Now you have only to hook in the test step execution which could be easily achieved by extending the test task to depend on the specs2 tasks as well:

/*
 * and  add them to the default test set
 */
test.dependsOn specs

Running the test target of the Gradle build once again shows up the execution of the specs2 target and all tests and specifications.

Update(09/04/2014)

Marino Borra points out that he could run the specs tests successfully with the default gradle test task by simply adding the @RunWith(classOf[JUnitRunner]) annotation.

Krama, Jenkins and Bitbucket colluding continuous integration

Having an automatic build process, high grade unit and integration tests and a CI (continuous integration) system helps to enforce a certain level of quality. Runtraction is a Javascript HTML5 based mobile (web) application. It was scaffolded using Yeoman utilizing:

  • Yo for scaffolding the intial project structure and additional components,
  • Grunt for build automation and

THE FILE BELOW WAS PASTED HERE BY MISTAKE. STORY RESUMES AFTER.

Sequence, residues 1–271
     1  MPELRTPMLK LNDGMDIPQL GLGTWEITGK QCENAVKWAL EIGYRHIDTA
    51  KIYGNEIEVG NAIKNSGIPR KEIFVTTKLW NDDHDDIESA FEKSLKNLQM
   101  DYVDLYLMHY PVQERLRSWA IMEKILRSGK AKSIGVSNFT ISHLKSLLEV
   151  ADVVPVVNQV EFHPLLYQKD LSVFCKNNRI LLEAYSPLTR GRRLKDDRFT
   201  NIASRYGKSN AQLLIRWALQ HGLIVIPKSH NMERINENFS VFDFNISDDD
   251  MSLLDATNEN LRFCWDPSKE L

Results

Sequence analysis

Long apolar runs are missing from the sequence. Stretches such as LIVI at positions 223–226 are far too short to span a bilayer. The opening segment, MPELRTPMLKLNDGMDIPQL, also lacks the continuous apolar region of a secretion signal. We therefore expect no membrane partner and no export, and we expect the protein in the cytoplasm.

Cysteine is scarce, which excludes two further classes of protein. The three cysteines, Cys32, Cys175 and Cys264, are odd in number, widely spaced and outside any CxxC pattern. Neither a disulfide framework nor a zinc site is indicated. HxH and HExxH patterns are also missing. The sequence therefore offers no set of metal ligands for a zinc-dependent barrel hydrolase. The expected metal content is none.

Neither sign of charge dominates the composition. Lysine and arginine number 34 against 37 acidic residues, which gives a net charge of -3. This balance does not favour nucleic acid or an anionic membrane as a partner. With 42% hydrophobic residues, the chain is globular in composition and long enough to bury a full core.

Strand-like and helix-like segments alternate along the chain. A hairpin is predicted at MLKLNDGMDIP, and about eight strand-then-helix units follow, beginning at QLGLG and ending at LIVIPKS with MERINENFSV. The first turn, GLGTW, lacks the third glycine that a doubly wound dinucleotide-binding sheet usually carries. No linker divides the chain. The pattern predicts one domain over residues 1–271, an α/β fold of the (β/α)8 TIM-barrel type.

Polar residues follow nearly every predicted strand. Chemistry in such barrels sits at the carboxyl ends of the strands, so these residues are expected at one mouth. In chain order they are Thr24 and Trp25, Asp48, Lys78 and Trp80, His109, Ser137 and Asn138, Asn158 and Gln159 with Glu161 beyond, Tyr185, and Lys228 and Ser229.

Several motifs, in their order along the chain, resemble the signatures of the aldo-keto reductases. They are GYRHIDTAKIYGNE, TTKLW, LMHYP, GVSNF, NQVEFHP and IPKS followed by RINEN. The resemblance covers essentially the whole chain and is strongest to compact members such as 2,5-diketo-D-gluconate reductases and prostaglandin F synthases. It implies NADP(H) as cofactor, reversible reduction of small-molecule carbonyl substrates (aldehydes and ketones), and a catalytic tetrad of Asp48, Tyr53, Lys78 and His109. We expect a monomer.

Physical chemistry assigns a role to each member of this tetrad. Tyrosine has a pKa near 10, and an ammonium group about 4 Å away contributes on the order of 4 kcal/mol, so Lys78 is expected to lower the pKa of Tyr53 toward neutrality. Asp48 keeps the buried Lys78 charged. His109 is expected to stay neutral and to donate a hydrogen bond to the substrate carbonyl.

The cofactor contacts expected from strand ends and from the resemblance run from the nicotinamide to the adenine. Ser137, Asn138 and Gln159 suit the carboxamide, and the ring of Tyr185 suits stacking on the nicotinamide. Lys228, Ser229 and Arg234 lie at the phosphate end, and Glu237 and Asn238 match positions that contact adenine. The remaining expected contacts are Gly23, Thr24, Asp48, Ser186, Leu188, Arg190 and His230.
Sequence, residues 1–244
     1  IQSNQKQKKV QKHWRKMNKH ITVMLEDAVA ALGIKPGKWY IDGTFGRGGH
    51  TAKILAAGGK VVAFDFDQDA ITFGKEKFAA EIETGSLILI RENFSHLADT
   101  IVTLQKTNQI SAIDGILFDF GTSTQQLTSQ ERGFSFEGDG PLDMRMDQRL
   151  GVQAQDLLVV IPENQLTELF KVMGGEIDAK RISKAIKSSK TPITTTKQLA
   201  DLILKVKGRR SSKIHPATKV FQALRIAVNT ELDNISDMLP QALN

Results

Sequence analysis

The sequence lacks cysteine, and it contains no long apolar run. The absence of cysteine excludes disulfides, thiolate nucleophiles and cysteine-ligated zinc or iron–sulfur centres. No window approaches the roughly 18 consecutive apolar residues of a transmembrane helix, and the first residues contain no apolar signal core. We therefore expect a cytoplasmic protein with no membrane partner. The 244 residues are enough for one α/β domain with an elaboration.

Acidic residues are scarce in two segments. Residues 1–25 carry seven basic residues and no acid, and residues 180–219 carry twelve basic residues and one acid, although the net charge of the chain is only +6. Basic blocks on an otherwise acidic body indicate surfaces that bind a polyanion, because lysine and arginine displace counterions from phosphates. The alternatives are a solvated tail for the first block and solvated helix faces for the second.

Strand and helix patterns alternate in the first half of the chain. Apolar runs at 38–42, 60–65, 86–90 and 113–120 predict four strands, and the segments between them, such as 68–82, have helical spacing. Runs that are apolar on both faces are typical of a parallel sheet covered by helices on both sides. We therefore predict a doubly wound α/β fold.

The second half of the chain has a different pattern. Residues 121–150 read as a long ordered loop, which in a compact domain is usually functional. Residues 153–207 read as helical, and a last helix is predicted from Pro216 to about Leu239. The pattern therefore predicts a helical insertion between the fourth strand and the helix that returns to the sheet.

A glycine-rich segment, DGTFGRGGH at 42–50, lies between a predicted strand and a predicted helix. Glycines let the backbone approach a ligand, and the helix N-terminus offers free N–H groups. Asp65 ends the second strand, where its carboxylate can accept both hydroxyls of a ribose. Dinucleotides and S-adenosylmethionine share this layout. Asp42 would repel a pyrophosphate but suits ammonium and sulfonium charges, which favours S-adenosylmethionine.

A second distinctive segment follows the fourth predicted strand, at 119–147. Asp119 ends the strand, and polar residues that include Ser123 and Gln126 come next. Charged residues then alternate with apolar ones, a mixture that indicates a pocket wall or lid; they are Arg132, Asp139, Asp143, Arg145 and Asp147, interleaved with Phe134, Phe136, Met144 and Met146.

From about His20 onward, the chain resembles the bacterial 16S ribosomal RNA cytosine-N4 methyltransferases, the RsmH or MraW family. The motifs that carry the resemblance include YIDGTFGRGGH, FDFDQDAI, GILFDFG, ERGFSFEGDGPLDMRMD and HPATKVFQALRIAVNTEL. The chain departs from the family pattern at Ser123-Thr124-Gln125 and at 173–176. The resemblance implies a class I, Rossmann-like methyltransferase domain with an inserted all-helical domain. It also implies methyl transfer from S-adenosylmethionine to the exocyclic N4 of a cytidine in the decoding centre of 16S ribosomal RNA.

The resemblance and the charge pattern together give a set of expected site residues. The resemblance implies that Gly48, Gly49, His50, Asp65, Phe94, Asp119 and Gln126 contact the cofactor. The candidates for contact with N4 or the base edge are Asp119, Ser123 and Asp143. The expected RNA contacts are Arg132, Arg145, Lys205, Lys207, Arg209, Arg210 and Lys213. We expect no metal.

• Bowers dependency management.

The Yo utility creates Karma tests suites beside the source and various other artifacts. Karma integrates well with several CI products like Jenkins CI and Travis CI. Travis CI provides a free continuous integration service and pthe integration into an own project is just a matter of adding an appropriate .travis.yml configuration file.

The Runtraction source code lives at Bitbucket.

So everything seems to be fine – but unfortunately Travis CI is very tightened to Github so it is not possible to use it from Bitbucket directly. Furthermore there is no service trigger for Tavis CI in Bitbucket too. „Krama, Jenkins and Bitbucket colluding continuous integration“ weiterlesen